The 1977 film Pumping Iron, which focused largely on Schwarzenegger’s defence of his Olympia title under the heat of New York’s finest, Lou Ferrigno, propelled the Austrian into the stratosphere of movie stardom. Though the film is well documented for being highly manipulated and staged, the soon-to-be action star and his cohort of heavy metal lifters shocked the world with their feats of strength and ambition, many of whom continued to have acting careers following the movie.
Though Schwarzenegger had featured in small bit parts previously, it was his role in the 1977 film that escalated his already Herculean frame into the world of Hollywood. The rest, as they say, is history as iconic roles secured the Austrian Oak into the minds of millions. Legendary pictures of the 80’s and 90’s such as; Conan the Barbarian, The Terminator, Commando, and Predator sealed his name as the ultimate action hero. With an Austrian/pseudo-English accent and a penchant for tight clothing, Schwarzenegger practically owned the action genre in the 80’s before foraying into comedy with movies such as the horrific Twins and the equally appalling Kindegarten Cop in 1988 and 1990 respectively.
Eventually retiring from the big screen to take on the last avenue available to him – politics, the former bodybuilder found himself as a poster boy/man for yet another generation. Sadly however, The Governator, as he was often known, was thwarted by a global recession and the demands of real government and failed to deliver on many of the promises that he had originally made. Thankfully, the 66 year old is now back to doing what he does best; making hilariously bad movies that everyone can enjoy on ITV 3 in a few years’ time. Welcome back – baby.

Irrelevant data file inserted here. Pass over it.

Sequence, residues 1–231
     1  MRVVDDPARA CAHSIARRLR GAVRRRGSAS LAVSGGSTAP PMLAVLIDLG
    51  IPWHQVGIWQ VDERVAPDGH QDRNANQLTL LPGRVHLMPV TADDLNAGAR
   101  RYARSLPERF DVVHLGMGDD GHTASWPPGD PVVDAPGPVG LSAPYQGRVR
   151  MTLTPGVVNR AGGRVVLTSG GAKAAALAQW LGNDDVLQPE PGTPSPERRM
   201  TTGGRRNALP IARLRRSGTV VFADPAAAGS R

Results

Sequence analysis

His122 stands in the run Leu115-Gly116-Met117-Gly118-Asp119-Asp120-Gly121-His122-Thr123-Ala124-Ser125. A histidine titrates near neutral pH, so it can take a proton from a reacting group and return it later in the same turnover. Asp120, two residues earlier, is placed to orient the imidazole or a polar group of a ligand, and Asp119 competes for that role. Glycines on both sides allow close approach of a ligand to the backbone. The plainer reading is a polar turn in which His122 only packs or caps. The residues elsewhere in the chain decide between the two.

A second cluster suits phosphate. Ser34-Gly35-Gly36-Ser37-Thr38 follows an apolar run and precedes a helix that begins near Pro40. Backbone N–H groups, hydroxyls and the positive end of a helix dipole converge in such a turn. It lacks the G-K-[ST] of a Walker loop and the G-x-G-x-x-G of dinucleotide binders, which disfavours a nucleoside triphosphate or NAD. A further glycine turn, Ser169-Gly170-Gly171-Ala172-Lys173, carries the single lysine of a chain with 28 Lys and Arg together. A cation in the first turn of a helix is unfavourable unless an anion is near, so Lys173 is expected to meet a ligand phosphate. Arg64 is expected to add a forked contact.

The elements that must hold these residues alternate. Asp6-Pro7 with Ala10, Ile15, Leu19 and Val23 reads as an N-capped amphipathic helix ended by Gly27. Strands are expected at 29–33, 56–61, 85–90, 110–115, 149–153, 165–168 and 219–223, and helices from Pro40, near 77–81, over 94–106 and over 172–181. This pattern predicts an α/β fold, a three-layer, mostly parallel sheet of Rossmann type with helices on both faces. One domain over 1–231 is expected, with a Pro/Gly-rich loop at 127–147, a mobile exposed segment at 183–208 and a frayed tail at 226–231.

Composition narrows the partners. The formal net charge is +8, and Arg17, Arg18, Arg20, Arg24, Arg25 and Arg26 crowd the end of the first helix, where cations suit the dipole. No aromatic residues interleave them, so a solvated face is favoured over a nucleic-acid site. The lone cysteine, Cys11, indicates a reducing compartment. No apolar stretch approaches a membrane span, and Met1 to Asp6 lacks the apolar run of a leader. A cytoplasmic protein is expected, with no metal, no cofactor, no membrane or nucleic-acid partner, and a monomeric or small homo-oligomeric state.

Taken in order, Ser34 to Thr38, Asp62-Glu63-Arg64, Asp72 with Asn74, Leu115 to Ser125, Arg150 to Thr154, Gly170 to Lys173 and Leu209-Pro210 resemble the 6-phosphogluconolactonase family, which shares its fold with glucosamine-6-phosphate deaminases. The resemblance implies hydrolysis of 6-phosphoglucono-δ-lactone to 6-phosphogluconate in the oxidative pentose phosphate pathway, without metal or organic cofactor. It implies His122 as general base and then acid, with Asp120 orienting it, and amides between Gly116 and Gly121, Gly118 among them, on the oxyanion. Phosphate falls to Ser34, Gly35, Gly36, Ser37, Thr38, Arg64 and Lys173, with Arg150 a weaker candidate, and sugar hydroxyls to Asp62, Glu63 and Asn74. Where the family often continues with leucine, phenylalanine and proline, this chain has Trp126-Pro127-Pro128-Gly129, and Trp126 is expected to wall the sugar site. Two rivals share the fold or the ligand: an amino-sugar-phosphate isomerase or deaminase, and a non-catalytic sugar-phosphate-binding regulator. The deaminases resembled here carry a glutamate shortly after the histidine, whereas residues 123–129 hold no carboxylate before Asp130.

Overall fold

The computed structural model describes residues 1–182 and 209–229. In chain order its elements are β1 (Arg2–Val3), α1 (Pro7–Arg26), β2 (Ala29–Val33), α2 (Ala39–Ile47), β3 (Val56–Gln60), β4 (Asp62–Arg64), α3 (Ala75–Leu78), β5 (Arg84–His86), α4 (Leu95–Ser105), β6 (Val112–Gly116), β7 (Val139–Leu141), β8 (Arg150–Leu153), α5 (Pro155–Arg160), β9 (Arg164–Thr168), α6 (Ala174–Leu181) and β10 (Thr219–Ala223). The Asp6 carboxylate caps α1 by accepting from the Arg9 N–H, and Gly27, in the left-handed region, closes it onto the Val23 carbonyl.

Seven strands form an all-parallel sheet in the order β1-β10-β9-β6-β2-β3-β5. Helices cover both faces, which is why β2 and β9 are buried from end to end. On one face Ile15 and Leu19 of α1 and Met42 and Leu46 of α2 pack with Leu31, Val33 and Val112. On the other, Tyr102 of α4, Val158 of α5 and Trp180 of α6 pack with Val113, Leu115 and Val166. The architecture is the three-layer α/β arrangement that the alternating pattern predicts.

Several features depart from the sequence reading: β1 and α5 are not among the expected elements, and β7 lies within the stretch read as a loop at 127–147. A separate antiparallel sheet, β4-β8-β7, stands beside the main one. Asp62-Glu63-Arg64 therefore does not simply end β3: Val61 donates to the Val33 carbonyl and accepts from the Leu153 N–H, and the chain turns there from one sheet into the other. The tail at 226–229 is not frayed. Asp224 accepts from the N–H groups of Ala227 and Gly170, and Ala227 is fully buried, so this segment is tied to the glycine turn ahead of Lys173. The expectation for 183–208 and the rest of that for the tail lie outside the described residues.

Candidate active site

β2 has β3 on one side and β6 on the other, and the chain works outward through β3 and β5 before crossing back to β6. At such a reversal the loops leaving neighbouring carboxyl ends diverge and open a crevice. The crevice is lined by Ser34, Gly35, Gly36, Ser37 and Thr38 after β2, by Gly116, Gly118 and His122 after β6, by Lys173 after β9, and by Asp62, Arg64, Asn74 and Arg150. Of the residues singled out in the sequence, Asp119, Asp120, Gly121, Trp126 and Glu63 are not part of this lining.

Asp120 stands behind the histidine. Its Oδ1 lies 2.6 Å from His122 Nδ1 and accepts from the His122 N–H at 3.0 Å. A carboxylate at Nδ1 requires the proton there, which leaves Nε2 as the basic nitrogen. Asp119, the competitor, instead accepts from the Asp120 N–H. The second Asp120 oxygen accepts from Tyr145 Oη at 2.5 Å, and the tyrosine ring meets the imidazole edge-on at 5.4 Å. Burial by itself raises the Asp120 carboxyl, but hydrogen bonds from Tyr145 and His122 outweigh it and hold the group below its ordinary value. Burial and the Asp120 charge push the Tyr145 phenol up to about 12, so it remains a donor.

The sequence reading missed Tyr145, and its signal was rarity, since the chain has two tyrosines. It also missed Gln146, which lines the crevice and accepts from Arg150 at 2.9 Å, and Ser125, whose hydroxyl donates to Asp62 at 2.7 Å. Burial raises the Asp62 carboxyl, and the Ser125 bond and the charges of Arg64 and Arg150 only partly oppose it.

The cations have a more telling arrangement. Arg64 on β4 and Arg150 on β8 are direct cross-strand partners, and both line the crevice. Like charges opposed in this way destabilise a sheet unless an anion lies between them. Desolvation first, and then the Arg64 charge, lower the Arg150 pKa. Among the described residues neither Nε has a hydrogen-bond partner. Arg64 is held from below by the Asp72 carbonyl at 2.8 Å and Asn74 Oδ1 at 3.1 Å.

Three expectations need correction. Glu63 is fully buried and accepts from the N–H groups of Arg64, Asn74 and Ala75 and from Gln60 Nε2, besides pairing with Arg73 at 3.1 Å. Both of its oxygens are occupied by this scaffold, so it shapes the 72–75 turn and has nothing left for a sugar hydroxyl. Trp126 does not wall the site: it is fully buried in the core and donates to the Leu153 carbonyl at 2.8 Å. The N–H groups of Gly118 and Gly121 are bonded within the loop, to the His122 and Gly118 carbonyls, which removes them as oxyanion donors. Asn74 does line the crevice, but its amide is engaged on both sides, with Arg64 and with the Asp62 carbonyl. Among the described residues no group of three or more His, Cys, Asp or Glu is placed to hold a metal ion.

Nicknamed ‘The Shadow’, presumably because he clouded above everyone else in the field, Yates was one of the biggest professional bodybuilders of all time. After a brief spell in prison, Yates garnered a reputation for his immense strength and soon decided to channel his energy into sport rather than a life of petty crime. Winning six Olympia titles from 1991-1997, Yates’s training methods focused on high intensity sessions that lasted for no more than 45 minutes. Yates set the standard for the behemoths that now grace the podiums of bodybuilding shows worldwide and of course, his heavy drug use played a huge part in his success. A highly respected owner of his own brand gyms and supplement company, Yates has been exceptionally open with regards to his substance intake over the former years and offers honest insights into the world of professional bodybuilding. Though not exactly discouraging people of the dangers and effects, Yates at least talks about it – something most sports people fail to do.
If Dorian Yates and a squat rack had a baby, the result would have been Ronnie Coleman. Tying with Lee Haney’s eight Olympia titles of the 80’s, Coleman pushed muscle mass to a point that had never been seen previously. A mammoth fixture on the podium, Coleman was known as much for his beaming smile and likeable demeanour as for his muscles and high pitched voice. During his 8 Olympia titles, it was often held between the bodybuilding elite that the real fight was for second place as Coleman became the ultimate victor who seemed more unstoppable by the year. With a walking around weight of over 325lbs, Coleman was a full 65lbs heavier than Arnold Schwarzenegger at his heaviest weight of 260lbs – a full 4.6 stone. Following a stint as a line-backer in college football, Coleman worked as a police officer in Texas for most of his early professional bodybuilding career. Winning his final Olympia at the grand age of 41, it was the rise of Jay Cutler and other Coleman inspired size kings that finally upstaged Big Ron in 2006 and 2007 respectively. Still training to this day, Ronnie Coleman is a regular fixture on the touring circuit and continues to appeal to audiences across the globe. The Great Competition